Abstract

Three continuous, laboratory scale, high rate biological wastewater treatment systems operating in a similar mode were evaluated. The feed was a synthetic sewage with a COD and BOD of approximately 300 mg/l and 200 mg/l, respectively. The total hydraulic retention time in each system was 2-1/4 hours - 40 minutes aeration, 95 minutes sedimentation. The applied food to microorganism ratios (F/M) were equal to or greater than one. Systems I and II employed a single aerobic reactor whereas System III employed two aerobic reactors in series each with a hydraulic retention time of 20 minutes. Sludge was returned to the second reactor only, thus establishing dispersed growth in the first reactor and a mixed microbial population in the second. System I was strictly a bacterial system isolated from atmospheric contamination. System II employed a mixed population of ciliated protozoa and bacteria.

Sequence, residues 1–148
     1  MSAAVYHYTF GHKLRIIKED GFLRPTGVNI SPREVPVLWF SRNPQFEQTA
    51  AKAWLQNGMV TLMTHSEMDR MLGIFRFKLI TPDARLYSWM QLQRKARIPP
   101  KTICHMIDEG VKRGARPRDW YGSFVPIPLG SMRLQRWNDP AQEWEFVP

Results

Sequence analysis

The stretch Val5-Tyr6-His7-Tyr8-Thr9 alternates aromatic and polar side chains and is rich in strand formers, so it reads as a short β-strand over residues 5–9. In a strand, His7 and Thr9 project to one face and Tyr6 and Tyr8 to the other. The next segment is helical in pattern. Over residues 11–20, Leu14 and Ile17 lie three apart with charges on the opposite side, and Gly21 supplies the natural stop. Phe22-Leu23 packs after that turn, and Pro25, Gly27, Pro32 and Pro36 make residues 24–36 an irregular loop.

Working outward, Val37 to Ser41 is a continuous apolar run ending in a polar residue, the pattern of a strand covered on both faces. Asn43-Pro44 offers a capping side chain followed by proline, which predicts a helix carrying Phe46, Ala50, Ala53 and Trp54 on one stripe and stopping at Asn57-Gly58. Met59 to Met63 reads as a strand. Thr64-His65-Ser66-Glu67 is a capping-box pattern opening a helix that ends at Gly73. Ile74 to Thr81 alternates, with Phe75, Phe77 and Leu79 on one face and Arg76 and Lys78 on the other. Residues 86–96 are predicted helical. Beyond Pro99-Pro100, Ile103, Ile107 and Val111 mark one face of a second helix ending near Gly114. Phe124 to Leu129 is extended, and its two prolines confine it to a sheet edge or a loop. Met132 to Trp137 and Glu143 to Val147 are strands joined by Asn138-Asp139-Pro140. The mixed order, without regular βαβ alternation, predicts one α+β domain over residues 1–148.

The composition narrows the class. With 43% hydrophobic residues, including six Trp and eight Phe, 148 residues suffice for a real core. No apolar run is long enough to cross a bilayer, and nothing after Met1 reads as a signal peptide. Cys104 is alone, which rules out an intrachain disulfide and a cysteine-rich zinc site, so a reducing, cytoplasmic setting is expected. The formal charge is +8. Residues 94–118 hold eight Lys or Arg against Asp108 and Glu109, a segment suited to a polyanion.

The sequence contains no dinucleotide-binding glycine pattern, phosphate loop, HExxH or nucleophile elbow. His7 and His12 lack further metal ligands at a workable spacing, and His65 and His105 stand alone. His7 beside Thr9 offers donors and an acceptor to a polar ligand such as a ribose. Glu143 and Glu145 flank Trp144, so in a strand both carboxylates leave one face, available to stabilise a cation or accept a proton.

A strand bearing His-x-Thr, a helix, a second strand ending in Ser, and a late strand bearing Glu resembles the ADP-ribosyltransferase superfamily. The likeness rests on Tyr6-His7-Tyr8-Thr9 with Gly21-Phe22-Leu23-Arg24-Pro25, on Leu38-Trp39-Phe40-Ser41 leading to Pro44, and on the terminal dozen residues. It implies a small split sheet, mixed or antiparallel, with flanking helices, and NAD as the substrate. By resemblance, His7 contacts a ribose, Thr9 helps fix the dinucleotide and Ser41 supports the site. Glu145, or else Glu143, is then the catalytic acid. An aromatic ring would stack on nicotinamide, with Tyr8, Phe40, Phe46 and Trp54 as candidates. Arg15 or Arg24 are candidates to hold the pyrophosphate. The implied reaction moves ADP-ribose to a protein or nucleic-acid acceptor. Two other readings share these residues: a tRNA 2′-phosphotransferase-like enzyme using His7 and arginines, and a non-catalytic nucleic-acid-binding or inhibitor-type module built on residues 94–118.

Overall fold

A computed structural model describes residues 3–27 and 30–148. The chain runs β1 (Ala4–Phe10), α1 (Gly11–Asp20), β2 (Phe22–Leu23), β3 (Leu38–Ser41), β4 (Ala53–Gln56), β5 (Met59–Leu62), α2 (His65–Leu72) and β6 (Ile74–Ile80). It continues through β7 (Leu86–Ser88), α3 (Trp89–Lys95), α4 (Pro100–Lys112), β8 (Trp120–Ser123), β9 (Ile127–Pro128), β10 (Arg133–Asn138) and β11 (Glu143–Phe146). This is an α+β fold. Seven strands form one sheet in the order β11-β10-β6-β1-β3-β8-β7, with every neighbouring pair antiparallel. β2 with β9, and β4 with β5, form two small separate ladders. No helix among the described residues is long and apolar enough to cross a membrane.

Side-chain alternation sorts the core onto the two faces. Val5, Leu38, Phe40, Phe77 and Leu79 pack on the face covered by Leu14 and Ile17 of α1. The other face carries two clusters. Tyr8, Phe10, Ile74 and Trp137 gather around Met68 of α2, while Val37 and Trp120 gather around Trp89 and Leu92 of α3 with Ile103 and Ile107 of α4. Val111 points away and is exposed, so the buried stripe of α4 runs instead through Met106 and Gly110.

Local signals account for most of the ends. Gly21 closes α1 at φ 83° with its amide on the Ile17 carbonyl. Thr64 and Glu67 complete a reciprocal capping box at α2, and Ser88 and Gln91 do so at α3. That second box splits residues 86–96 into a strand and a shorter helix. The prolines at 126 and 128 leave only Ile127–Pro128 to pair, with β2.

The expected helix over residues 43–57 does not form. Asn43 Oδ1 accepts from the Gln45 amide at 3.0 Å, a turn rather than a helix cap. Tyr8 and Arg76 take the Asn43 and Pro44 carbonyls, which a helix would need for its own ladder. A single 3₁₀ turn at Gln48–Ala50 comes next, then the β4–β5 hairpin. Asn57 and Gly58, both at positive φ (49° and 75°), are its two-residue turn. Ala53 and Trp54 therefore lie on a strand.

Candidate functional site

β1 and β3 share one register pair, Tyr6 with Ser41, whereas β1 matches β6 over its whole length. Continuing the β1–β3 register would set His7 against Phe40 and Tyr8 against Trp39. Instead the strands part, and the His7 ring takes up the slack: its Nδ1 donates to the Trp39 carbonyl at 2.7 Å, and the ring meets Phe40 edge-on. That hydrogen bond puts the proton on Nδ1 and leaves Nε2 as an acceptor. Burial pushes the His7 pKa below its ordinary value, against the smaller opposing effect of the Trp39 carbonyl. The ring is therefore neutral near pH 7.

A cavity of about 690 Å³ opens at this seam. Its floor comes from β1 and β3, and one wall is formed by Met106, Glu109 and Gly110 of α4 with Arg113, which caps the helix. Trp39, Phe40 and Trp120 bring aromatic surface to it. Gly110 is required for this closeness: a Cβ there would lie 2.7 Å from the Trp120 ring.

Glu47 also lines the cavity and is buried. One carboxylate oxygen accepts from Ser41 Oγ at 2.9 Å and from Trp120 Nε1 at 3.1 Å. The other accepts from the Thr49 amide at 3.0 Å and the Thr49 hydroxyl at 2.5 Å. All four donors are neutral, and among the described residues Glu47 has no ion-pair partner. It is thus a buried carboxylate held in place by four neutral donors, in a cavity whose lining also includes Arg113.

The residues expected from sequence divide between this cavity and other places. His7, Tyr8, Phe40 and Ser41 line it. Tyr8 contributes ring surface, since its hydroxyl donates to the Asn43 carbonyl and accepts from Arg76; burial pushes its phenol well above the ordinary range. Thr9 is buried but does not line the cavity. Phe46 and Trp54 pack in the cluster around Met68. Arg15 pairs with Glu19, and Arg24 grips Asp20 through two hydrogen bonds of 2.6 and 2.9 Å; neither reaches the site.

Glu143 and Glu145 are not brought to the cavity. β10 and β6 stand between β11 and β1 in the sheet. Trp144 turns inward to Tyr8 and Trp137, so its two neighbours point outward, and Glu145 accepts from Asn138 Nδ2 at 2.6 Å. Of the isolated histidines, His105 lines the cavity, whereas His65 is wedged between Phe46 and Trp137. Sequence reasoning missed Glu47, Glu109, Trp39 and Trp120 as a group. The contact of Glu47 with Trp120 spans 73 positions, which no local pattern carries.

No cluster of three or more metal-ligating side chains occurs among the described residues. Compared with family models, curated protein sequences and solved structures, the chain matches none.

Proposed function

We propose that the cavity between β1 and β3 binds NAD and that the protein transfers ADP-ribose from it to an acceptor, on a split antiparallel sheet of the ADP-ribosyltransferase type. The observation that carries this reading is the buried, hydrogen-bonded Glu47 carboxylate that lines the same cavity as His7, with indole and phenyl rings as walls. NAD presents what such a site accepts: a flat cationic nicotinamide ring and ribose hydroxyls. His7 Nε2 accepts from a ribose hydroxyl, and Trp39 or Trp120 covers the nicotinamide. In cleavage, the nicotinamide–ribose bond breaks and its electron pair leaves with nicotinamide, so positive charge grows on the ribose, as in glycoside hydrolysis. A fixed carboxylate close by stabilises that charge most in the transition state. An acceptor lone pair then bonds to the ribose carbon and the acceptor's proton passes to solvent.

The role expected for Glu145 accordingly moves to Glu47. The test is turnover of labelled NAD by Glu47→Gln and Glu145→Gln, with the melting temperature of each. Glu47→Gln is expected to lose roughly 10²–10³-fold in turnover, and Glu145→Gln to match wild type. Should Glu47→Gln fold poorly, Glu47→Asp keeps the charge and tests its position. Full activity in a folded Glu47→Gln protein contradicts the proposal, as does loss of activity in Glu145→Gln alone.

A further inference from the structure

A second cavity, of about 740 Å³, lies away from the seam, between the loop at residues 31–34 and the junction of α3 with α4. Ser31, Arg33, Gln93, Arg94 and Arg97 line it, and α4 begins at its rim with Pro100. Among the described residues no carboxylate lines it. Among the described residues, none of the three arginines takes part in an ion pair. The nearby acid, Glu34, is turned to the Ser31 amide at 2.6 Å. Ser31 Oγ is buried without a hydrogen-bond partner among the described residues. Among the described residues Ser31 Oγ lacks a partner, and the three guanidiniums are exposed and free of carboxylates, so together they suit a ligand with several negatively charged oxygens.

Tests performed included soluble COD reduction, effluent, mixed liquor and return sludge suspended solids, SVI, pH, polysacharides, bacteria count, and protozoan count. Comparison of System I (bacterial) and System II (mixed population) revealed an improvement in effluent quality (SS, Total COD) as a result of the presence of ciliated protozoa. The higher effluent SS in System I was a result of the poor settleability of dispersed growth.

Based on the knowledge of the effects of protozoa on dispersed growth, System III (bacterial reactor and mixed population reactor in series) was established to determine if such a series arrangement would further improve treatment efficiency. Several different two stage reactor system configurations were investigated including sedimentation after the first reactor with the effluent passing to the second reactor. Such an arrangement proved impractical due to the poor settleability of the dispersed growth associated with a predominantly bacterial system. System III resulted in a vast improvement in sludge settleability while maintaining an effluent quality equal to that of System II. This improvement in sludge settleability indicates improved system stability and reduced handling costs.

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